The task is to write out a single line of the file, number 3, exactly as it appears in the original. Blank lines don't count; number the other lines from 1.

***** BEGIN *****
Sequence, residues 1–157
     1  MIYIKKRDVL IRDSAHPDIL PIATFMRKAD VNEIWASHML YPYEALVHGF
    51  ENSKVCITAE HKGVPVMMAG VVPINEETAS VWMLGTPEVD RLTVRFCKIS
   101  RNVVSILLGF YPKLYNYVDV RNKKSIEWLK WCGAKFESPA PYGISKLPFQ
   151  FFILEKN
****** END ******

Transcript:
    51  ENSKVCITAE HKGVPVMMAG VVPINEETAS VWMLGTPEVD RLTVRFCKIS